While Merritt has mostly been on the more electric side of americana her studio albums tend to the highly produced in some cases. So, this live much rawer take on some of her early songs was a welcome surprise. Less country, more rock and roll. The harder sound suits her voice, and the punchier arrangements help some of the songs that had drifted past me on record. I know some people are not big fans of live albums, but for me they can often up open up a different view of an artist’s work. The Santana style guitar solo on ‘Ain’t Looking Closely’ is the best bit of a great album.
Number 5: Elizabeth Cook “Exodus Of Venus” (2016)
When she was interviewed by NPR about this album Cook said it; “took six years to make, after deaths in the family, divorce, rehab and a whirlwind romance”. The dark words, “I’ve been livin’ on pain” she cries on a song called ‘Dyin’ are reflected in the music, full of Hammond organ and biting guitars. Any album with a song called ’Broke Down in London on the M25’ which turns out to be more about mental turmoil than the physical pain of that awful road needs your attention. You wouldn’t wish the experiences that brought these songs to life on anyone, but it is a great record.
Number 4: Robert Jon and the Wreck “Last Light on The Highway” (2020)
One of the benefits of writing for AUK is that you get to hear some albums that would pass you by otherwise. Equal parts, Rolling Stones, Allman Brothers, and Southern soul, this album brightened 2020 considerably. My tickets for their tour in May are already bought and I can’t wait to see them live, as this and it’s follow up have turned them into a new favourite band.
Number 3: Kate Rusby “Hand Me Down” (2020)
For one of the leading contemporary English folk singers, Rusby takes herself less than seriously. As a “lockdown project” her singy songy sessions were one of the few things I followed consistently. Like many musicians she made a virtue out of necessity and turned out an album that was a wish list project. Rusby says that these were the songs she grew up with. Yes, it is more pop than her usual work, but she makes them her own. Yes, the videos verged on the twee, but who cares when the (clearly recorded for her daughters) version of Taylor Swift’s ‘Shake it Off’ is this good.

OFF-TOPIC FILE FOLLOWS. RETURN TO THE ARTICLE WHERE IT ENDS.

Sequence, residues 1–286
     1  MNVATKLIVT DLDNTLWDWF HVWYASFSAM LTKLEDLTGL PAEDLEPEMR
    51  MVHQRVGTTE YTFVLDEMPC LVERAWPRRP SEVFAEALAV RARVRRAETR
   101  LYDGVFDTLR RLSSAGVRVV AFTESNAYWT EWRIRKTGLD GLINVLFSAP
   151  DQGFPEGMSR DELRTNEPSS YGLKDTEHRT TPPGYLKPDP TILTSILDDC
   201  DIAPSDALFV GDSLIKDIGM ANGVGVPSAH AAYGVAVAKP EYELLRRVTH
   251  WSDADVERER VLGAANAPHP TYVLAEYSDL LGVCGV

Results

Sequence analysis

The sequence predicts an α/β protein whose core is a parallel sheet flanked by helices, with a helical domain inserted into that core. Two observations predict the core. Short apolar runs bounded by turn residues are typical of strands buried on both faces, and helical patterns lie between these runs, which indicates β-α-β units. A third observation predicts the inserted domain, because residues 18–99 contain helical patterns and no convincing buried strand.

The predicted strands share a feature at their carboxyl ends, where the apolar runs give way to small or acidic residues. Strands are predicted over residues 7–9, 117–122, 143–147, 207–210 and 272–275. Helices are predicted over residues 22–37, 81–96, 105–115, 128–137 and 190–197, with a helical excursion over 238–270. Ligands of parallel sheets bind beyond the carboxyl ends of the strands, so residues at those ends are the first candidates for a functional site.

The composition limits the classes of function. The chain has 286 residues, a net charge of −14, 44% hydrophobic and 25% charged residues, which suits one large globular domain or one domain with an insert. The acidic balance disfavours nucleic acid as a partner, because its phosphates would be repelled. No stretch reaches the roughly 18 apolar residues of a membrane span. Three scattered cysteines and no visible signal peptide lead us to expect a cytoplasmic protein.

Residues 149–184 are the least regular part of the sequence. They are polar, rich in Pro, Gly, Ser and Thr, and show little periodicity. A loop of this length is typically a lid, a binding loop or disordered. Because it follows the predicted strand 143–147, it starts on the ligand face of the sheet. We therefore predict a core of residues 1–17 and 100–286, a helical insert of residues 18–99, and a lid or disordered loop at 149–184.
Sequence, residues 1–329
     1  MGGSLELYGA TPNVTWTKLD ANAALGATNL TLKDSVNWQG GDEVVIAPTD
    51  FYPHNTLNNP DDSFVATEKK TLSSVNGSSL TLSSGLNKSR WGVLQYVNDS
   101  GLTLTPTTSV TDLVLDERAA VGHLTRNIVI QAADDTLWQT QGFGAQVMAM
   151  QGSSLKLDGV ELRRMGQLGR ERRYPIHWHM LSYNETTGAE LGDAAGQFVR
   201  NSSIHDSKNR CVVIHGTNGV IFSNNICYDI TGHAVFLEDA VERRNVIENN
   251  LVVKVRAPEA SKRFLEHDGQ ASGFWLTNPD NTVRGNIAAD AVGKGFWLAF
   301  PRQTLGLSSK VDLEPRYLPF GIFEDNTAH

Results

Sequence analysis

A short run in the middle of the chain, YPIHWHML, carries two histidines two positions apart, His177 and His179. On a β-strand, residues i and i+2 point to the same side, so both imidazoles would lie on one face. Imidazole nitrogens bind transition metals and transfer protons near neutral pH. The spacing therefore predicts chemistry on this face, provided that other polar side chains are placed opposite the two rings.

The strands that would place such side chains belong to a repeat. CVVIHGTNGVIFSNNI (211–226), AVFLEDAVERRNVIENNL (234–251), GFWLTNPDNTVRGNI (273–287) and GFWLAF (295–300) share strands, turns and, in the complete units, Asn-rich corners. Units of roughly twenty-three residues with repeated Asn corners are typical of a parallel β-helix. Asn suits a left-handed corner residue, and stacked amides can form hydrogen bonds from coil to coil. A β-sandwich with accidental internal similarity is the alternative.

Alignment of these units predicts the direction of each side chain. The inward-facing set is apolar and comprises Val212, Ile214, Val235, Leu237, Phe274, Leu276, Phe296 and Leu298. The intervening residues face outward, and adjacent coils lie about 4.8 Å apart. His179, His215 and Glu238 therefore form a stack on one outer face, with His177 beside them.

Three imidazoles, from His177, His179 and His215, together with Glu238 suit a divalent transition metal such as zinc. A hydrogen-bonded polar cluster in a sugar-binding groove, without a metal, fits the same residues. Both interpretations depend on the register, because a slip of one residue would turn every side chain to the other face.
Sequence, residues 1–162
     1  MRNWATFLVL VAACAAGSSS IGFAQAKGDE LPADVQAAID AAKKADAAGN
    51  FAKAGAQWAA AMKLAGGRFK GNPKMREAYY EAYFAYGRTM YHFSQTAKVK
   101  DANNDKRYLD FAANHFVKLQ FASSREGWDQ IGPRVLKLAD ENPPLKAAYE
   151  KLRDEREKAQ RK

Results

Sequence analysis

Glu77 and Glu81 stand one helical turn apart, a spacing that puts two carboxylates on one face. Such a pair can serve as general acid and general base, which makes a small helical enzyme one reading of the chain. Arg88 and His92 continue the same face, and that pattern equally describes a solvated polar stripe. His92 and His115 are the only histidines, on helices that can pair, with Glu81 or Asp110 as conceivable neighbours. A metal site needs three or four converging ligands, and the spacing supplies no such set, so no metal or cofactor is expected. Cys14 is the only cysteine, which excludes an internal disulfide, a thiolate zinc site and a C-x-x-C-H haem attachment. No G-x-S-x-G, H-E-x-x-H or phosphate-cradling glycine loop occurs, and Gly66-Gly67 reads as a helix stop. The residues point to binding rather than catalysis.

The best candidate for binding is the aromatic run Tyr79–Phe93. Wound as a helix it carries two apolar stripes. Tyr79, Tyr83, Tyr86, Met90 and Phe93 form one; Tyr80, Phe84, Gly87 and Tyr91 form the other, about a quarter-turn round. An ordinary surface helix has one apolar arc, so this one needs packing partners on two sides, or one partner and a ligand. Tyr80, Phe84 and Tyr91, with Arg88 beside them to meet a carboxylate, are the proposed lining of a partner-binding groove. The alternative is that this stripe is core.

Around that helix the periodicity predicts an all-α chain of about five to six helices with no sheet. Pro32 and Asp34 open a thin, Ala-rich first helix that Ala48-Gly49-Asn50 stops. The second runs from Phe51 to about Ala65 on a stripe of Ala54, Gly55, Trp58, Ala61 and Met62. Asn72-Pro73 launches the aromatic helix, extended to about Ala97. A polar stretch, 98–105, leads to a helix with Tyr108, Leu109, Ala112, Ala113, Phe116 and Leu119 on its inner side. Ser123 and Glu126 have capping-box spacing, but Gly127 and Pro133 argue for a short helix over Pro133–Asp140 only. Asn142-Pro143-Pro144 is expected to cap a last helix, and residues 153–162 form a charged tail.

Number 2: Emmylou Harris “Stumble into Grace” (2003)
The shift in direction ‘Wrecking Ball’ represented was the start of a journey that took Harris to this record. Kate and Anna McGarrigle, Buddy and Julie Miller had become regular collaborators in both writing and playing. Gentler than the 1995 album it reconciles her folk roots to the country music that Gram Parsons led her to. Producer Malcolm Burn records her sympathetically and her own songwriting has grown stronger. This may be where the ghost of Parsons was laid to rest.
Number 1: Over The Rhine “Meet Me At The Edge Of The World” (2013)
My favourite band, bar none. Their second double studio album after ‘Ohio’ songs just pour out of Karen Bergquist and Linford Detweiler it seems. The quality is so unfailingly high that you have to wonder how they achieve this and what ends up on the cutting room floor. The intimate soulful songs on this album and Joe Henry’s atmospheric production make this their best album this century. Although ‘The Long Surrender’ is close behind. When they last toured here in 2017 ‘Our Favorite Time Of Light’, and ‘Earthbound Love Song’ stood alongside older classics like ‘Latter Days’.